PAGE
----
He was the focus of or quoted in all the articles on their Sierra Club campaign.

    The only story that mentioned the other candidates on their slate was the Chron which (amid a couple of photos of Donald) included this:

    Adding a tinge of surreal to the election, one of the five candidates endorsed by the pro-development group said he neither asked for the support nor does he plan to vote for the other candidates on the slate.

    “They have not been active and they haven’t fought for all the things that are important, and all of a sudden they think there is an opening to control a good organization,” said Howard Strassner, who has been a member of the chapter since 1961. “That’s not a good deal — even if they support me.”

    Strassner attributed the group’s support to the fact that he has been relatively receptive to development projects. His name also appears on the competing, five-person slate being put forward by longtime Sierra Club members…

    The elephant in the room (and the most surreal aspect of the campaign) they haven’t mentioned is at least 30 of their own supporters didn’t vote for him despite the evil NIMBYness of tne Sierra Club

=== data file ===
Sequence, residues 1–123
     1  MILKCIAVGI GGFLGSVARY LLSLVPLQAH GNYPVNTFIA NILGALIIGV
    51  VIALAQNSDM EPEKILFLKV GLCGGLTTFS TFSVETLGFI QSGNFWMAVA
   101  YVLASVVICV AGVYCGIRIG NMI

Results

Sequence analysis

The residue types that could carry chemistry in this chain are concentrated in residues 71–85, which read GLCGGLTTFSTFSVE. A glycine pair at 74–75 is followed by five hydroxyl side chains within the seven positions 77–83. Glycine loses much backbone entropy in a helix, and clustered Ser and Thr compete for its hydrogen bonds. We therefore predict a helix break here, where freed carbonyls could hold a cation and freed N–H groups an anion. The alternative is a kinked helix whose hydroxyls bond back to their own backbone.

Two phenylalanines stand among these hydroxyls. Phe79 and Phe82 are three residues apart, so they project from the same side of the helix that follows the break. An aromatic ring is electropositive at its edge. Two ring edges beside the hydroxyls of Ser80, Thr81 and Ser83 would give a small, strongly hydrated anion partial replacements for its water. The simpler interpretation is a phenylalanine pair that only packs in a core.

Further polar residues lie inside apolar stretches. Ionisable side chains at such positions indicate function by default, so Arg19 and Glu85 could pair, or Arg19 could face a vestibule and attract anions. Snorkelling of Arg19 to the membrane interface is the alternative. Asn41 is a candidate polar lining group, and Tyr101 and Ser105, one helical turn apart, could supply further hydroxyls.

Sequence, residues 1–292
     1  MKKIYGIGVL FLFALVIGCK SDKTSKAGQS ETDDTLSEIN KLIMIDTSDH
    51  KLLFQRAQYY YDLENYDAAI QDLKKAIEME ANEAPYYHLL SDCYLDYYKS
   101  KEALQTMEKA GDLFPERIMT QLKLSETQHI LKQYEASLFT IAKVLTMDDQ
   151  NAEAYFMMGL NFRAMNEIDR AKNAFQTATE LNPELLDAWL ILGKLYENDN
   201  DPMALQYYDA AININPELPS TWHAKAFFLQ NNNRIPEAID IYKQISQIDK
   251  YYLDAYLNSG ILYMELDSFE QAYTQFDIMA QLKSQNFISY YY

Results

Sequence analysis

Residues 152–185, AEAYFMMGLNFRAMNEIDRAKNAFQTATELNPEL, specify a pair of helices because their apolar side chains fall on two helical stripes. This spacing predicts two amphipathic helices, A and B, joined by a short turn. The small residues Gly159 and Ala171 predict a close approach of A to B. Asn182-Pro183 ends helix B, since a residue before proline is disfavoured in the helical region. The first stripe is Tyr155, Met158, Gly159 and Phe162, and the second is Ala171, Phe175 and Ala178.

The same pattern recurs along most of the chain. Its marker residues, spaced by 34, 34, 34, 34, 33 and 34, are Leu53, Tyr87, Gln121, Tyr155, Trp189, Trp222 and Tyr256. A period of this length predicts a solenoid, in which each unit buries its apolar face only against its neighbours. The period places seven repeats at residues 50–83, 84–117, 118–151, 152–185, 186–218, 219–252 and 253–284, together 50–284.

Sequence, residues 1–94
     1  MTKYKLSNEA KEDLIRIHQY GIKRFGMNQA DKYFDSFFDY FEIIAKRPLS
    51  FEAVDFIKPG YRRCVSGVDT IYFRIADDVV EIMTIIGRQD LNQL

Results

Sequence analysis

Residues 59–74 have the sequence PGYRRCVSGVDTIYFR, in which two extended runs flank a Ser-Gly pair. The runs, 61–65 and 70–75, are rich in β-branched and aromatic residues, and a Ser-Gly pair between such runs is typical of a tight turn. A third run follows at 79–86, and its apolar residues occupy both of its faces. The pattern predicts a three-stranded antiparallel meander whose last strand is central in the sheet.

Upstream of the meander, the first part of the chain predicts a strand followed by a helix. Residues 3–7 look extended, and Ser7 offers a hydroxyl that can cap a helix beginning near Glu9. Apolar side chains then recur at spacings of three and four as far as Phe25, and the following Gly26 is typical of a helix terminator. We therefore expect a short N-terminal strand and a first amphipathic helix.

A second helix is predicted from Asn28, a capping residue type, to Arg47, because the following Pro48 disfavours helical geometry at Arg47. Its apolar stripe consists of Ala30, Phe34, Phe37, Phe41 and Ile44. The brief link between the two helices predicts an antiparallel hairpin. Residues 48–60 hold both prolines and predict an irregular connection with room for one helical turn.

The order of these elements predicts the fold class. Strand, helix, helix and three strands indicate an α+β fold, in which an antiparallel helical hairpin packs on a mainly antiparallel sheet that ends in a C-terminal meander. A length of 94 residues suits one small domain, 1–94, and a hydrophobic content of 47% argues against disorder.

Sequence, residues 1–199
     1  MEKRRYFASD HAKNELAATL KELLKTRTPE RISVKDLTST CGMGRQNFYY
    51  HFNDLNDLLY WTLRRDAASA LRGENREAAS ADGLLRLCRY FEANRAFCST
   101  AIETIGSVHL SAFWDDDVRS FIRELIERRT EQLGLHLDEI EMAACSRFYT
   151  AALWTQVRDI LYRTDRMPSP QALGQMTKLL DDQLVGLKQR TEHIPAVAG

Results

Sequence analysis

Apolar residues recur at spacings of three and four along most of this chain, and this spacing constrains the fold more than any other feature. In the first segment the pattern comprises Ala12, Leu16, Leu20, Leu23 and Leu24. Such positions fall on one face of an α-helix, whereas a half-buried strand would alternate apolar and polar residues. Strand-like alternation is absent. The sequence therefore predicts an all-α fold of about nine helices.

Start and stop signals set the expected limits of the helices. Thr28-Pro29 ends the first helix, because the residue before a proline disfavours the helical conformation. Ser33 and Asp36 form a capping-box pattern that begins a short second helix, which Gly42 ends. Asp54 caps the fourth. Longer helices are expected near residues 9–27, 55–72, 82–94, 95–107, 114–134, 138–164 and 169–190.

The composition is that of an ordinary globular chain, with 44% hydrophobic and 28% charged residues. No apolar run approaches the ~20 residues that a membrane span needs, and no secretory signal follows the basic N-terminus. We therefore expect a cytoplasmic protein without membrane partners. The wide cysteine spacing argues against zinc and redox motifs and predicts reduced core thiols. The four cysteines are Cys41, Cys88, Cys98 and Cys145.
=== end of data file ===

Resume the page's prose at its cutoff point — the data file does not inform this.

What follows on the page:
(they always leave out that the SC did support the Pier 70 development and the endorsement was used in mailers and tv ads while they did nothing to oppose Giants project beyond a small listing on their mailer – both projects passed by overwhelming margins under the evil SC supported ballot box planning which actually made both projects better)

    and at least 70 fewer votes than the other 3 candidates who chose to be part of the slate.

    I guess we’ll know if SFBARF learned anything if they decide to include Donald on the slate next time or support him for anything else in the future.

  15. what about their constant objection to infill TOD housing in san Francisco in favor of the nice bay views enjoyed by their hill top dwelling members. hmmm? Their short sighted self serving opposition to housing in this city has forced thousands of mostly low income workers into the hinterlands of this region and into long, costly and polluting commutes. But hey, you can still see the bay from Bernal Heights!

  16. The way I have been witnessing it, The development model of SF wants to be closer to Hong Kong… And I think that would be a tragedy.

  17. So its progressive and environmentally sound now to oppose the construction of transit oriented infill housing on top of vacant parking lots? really? The Sierra Club is a NIMBY shell organization and has nothing to do with progressive or environmental values.

  18. “encourage folks to listen to SFBARF and not simply discount them” & “we all need to be humble and listen to each other”. Excuse me, but these statements are the polar opposite to the MO of SFBARF, as they are confrontational and activist in their approach, and disruptive at minimum. Trauss has been quoted as saying – “if you’re tired of getting drunk at the local bar, go invade local city politics”. For many, their approach is counterproductive to their objective, and it may be SFBARF has its own agenda ahead of the regions best interests.